HP Takes On Rising Cost Of Data Center Heat - InformationWeek

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1/30/2006
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HP Takes On Rising Cost Of Data Center Heat

Increasing server density and rising energy costs have companies looking for better cooling options.

Heat in the data center is a growing problem for companies, so Hewlett-Packard today is introducing its first environmental-control equipment, a chill-water cooling system. "Moore's Law is running smack into the wall of physics," says Paul Perez, VP of storage, networking, and infrastructure for industry standard services at HP. "Data centers compared to Moore's Law have been fairly slow moving animals and haven't changed much in the last 20 years. This introduction is geared to helping customers win the war on heat and rising energy costs."

HP is offering the Modular Cooling System (MCS), which utilizes chilled water technology to triple the standard cooling capacity of a single rack, Perez says. In addition, its pitching a new rack system, the 10000 G2Sereis Rack, which the company says will provide a standardized rack for all HP server and storage platforms, and a power distribution unit management module. The MCS attaches to the side of the new 10000 G2 Series Rack, and utilizes a chilled water supply to distribute cool air across the front of a rack. HP plans to offer upgrade options to existing racks to use the MCS later this year.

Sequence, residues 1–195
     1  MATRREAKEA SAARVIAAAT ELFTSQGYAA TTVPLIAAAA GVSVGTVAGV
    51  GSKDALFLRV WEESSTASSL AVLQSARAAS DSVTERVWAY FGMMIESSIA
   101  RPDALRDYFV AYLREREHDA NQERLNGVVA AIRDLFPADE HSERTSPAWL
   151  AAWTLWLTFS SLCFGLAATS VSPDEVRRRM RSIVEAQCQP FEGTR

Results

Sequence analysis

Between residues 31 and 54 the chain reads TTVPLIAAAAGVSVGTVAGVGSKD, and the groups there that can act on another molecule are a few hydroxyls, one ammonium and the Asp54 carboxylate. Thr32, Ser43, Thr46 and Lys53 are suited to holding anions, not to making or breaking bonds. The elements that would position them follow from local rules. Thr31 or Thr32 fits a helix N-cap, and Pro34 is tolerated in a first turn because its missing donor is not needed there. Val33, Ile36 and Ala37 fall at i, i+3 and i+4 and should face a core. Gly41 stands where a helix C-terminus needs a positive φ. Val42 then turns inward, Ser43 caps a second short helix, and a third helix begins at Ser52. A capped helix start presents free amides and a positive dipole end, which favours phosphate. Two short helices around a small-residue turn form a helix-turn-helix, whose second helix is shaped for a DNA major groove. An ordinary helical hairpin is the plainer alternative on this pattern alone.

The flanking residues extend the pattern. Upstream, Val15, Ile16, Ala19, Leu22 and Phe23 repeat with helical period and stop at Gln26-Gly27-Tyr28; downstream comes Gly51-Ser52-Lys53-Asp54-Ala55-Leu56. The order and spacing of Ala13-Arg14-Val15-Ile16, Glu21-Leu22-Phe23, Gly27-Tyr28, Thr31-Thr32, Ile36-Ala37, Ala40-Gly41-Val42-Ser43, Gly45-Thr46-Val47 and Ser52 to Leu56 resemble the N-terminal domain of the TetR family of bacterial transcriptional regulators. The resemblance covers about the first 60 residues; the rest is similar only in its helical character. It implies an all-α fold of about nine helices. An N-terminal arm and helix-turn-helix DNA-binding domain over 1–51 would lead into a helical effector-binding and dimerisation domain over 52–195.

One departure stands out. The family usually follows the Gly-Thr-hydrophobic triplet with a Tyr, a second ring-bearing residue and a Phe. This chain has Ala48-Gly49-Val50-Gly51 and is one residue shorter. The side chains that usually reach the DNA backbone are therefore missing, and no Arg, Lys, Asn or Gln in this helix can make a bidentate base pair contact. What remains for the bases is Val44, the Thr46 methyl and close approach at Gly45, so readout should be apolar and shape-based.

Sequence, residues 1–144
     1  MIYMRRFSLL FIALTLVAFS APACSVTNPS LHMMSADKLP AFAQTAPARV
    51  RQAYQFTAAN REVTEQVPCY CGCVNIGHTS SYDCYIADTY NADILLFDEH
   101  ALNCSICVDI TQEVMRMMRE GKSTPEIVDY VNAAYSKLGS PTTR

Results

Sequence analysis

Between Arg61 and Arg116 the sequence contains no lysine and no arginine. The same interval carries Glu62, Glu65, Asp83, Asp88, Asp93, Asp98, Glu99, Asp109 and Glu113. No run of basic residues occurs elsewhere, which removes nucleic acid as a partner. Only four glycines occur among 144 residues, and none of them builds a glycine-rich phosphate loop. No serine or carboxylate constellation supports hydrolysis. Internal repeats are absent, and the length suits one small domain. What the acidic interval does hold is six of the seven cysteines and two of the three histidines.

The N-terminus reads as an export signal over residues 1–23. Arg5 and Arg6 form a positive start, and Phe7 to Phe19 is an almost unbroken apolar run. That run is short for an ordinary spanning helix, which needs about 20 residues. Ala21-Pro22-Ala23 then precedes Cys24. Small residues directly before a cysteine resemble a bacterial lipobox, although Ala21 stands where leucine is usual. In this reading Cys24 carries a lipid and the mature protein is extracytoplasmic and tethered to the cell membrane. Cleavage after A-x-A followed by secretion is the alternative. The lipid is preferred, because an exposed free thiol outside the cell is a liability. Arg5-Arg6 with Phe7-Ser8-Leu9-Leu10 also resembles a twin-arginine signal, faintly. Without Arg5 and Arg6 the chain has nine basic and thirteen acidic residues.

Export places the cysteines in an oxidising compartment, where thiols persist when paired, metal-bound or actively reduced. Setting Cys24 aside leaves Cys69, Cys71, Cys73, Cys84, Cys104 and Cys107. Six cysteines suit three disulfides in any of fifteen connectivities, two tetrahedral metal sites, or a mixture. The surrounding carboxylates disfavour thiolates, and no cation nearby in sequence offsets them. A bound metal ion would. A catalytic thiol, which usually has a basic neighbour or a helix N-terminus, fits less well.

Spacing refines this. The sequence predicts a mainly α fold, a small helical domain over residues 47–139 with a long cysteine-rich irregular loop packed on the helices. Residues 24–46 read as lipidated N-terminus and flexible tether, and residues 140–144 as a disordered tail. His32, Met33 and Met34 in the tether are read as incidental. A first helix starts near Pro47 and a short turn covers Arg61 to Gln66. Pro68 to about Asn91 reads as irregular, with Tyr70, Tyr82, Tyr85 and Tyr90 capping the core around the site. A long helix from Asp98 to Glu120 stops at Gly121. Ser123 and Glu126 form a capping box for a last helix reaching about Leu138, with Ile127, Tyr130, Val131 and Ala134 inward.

The systems will allow for the deployment of up to 30 kilowatts in a single rack, about three times the amount of power than a standard rack can currently handle, Perez says. "We are branching out into rack-level and room-level solutions," he says. "For customers who are already deploying HP gear, they'll look for HP first as they are increasingly looking for ways to create a close coupling of their systems with the datacenter environment." HP ships more than 100,000 racks each year.

Today, HP offers seven incompatible racks, a problem the 10000 G2 Series rack aims to address. The power-distribution unit management module is designed to provide more reliable power by monitoring power in centralized environment. The systems will be available beginning Feb. 6. The MCS starts at $30,500, and the 42U 10000 G2 Series Rack at $1,249, and the PDU management module at $199.

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